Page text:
For this trail, we venture south of Norwich toward the borders with Suffolk. Again, as is typical with this area, there is a strong American influence. We take in a number of airfields and museums with long histories and compelling memories. Starting near Diss, we start with a brief visit to the museum at Thorpe Abbotts.
Thorpe Abbotts (Station 139)
Opened quite late in the war, (April 1943), the first American units of the 100th BG arrived in June that year and operated continuously until the cessation of conflict in 1945. The site never saw any further action, being returned to the RAF until final closure in 1956. Now totally agriculture, it boasts a superb museum as a memorial to those who gave so tragically in what became know as the ‘Bloody 100th’.
This name developed as a result of losses sustained by the group, but which were not actually significantly worse than any other of the Air Force. Throughout their 306 missions, 177 aircraft and 700 lives were sadly lost in some of the most difficult and terrifying air battles of the Second World War.
During the raid on Raegensburg, they found themselves unprotected by their ‘little friends’ and as ‘tail-end Charlies’, they were easy prey for the now angry and hunting Luftwaffe. During this engagement nine aircraft were lost either on their way to or from the target area. For their action, they received a Distinguished Unit Citation (D.U.C.) now becoming a regular feature amongst the brave crews of the Eighth Air Force.
Difficult times lie ahead, with losses in October 1943 (21 aircraft), March 1944 (where they achieved a second DUC for raids in Berlin) and September 1944 (11 aircraft). Coupled with a number of accidents, where flare guns and collisions caused fatal crashes, the ‘Bloody 100th’ became synonymous with death and gained a reflective reputation.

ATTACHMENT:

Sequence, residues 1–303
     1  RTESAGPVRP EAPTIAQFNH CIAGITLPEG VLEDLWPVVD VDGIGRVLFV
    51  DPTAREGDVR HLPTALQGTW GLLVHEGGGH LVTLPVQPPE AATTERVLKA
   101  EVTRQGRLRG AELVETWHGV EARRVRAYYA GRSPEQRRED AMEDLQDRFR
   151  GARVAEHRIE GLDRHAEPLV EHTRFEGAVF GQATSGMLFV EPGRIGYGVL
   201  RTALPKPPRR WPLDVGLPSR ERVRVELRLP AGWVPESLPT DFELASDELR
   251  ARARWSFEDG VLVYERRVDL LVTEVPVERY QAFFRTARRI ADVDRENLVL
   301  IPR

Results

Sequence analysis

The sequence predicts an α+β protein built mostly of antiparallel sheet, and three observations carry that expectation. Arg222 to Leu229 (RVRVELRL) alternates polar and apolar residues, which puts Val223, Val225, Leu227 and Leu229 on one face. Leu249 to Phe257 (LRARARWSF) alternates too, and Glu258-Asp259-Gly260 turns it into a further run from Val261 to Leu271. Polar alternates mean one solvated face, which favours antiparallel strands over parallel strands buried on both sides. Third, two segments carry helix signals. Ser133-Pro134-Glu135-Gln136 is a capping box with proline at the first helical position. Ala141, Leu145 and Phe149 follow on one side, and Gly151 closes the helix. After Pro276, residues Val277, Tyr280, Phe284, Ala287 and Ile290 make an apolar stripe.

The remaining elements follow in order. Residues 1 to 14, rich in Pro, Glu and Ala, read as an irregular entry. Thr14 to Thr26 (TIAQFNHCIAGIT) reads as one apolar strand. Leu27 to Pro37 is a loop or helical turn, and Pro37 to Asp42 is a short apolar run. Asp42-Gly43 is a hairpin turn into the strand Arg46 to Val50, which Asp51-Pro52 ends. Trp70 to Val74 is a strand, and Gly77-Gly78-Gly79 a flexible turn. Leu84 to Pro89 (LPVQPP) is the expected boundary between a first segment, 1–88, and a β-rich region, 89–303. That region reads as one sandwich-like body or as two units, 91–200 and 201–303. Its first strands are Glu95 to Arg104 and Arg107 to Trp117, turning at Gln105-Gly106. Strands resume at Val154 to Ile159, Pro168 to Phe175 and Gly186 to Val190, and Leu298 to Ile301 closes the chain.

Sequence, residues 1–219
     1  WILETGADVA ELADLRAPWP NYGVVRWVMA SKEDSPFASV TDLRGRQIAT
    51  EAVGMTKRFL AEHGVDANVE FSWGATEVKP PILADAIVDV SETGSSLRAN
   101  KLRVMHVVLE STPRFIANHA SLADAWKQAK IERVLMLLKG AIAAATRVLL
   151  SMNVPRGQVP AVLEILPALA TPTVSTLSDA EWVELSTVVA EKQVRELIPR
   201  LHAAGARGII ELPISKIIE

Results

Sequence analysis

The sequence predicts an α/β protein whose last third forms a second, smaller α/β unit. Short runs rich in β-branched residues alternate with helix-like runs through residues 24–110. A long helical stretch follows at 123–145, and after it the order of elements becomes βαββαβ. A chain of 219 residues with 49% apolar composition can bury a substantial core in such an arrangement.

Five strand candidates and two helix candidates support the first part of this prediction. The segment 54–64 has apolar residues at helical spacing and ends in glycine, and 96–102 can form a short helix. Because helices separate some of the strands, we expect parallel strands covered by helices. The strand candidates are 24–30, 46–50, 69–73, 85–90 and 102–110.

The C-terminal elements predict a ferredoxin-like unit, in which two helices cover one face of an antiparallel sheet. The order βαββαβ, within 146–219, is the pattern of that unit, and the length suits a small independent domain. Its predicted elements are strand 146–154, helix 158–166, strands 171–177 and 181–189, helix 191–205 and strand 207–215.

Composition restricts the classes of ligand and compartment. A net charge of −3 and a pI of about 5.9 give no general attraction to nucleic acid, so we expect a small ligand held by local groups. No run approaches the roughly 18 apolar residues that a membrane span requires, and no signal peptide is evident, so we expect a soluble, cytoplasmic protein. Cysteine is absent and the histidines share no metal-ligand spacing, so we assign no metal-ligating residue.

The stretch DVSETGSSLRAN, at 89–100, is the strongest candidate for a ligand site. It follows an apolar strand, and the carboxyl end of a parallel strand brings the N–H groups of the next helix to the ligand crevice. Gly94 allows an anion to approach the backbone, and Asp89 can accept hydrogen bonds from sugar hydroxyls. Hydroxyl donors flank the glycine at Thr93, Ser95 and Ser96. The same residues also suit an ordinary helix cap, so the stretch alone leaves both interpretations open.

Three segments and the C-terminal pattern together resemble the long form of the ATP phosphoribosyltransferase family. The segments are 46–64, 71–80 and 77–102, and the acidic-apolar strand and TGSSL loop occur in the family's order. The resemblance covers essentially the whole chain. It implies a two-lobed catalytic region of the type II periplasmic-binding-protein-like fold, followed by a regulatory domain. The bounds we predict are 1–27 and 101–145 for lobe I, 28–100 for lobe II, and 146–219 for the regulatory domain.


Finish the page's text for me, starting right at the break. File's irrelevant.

Finally leaving in December 1945, the 100th was to return to serve over the skies of the UK once more as the 100th Refuelling Wing at nearby RAF Mildenhall.
Today, the site houses a museum utilising the old original control tower and a small number of other buildings. Tucked neatly away amongst the beautiful countryside of Suffolk, this museum is more than worthy of a visit. Further details and information can be found at http://www.100bgmus.org.uk/ .
Visible remains of the airfield are restricted to mainly perimeter track, but remnants can be found with a little effort. In the woods to the east of the tower, buried in amongst the undergrowth, are the remains of buildings including the Battle Headquarters which would have commanded excellent views across the field in the case of attack.
The perimeter track has been partially utilised and turned into road, from which larger sections can be seen. Admin blocks, stores and other buildings are now engulfed by trees and vegetation and all very much on private land.